By Trevor Bach
By Kyle Munzenrieder
By Kyle Munzenrieder
By Ryan Yousefi
By Sabrina Rodriguez
By Kyle Munzenrieder
By Kyle Munzenrieder
By Trevor Bach
John Shubin runs his law practice out of a squat four-story building near the downtown Miami Burdines, and he lives in Coral Gables, but right now he is the hottest attorney in Miami Beach. Along with his partner Jeffrey Bass, Shubin has, during the past year, become the legal catalyst for the anti-development movement currently dominating Beach politics.
Not only have he and Bass racked up impressive victories representing neighbors opposed to development, but Shubin himself was among the architects of the city charter amendment -- the so-called Save Miami Beach referendum, passed this past June -- that requires certain waterfront developments be put to a public vote. In the wake of the amendment, city commissioners passed additional ordinances that have made "controlled development" the law of the land in Miami Beach.
Still, Shubin says, playing the role of anti-development zealot in Miami Beach can be a tough gig: "I often feel like I am the streaker at Queen Victoria's funeral. I make these arguments that seem to be very well-founded in the law, and it can be very frustrating when people whose opinions you respect look at you like you're insane." The 36-year-old attorney, who somehow manages to appear intense even with his feet on his desk and his thick hands clasped behind his head, attributes the communication gap to the fact that politicians and developers aren't used to hearing coherent legal arguments coming from those who oppose development.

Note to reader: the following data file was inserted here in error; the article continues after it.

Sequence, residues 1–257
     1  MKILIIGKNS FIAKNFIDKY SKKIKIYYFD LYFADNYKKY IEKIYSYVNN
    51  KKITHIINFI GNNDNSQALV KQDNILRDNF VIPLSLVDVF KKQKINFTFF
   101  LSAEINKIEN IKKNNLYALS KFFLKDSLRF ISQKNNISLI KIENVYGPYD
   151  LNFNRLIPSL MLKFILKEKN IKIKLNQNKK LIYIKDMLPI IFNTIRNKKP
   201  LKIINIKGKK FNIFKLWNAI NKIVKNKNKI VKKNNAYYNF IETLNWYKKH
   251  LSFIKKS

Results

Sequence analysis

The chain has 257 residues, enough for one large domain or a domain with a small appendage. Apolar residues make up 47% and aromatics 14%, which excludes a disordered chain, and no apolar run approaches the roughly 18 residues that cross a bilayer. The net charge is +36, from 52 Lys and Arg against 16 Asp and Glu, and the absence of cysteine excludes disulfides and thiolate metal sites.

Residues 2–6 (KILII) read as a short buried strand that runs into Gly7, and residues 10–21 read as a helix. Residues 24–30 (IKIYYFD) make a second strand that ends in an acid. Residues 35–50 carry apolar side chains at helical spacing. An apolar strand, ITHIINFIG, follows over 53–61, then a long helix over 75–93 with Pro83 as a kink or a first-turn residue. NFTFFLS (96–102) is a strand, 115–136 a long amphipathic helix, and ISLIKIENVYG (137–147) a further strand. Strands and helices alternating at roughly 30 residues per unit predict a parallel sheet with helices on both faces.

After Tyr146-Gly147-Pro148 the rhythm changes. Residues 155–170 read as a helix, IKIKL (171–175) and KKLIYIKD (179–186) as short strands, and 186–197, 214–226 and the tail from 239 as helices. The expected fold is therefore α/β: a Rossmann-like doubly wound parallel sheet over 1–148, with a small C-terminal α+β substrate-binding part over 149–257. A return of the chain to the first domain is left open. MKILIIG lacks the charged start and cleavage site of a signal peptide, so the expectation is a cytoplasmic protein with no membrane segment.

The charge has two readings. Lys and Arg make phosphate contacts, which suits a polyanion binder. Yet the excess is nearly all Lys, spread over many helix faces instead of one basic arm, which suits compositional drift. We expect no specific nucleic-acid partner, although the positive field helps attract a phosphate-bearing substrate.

"Neighbors are always coming before commissioners with this emotional, sentimental stuff," Shubin says -- stuff that commissioners have a tendency to tune out. "Developers, on the other hand, are always litigious, or threatening to be litigious. The trick, as a lawyer, is to provide commissioners with a legal hanger on which to hang their decision."
While Shubin and Bass have been passing out hangers, lawyers for developers have been trying to twist them into nooses. Indeed, the recent wave of anti-development rules has hardly caught developers flat-footed. In the months before commissioners voted for these restrictions, high-rise builders raced to submit building applications that would be considered under the nice, permissive, old rules. A lot of them made it, too; some 37 projects will be considered without regard to a few or all of the new ordinances.
For Shubin and the neighborhood groups that have hired him, these proposals are an effort to manipulate the approval process and subvert the will of the electorate. For developers, these pending projects represent the last of the great cash cows on the Beach. And they have indicated that they will stop at nothing, including suing the city, to get them built.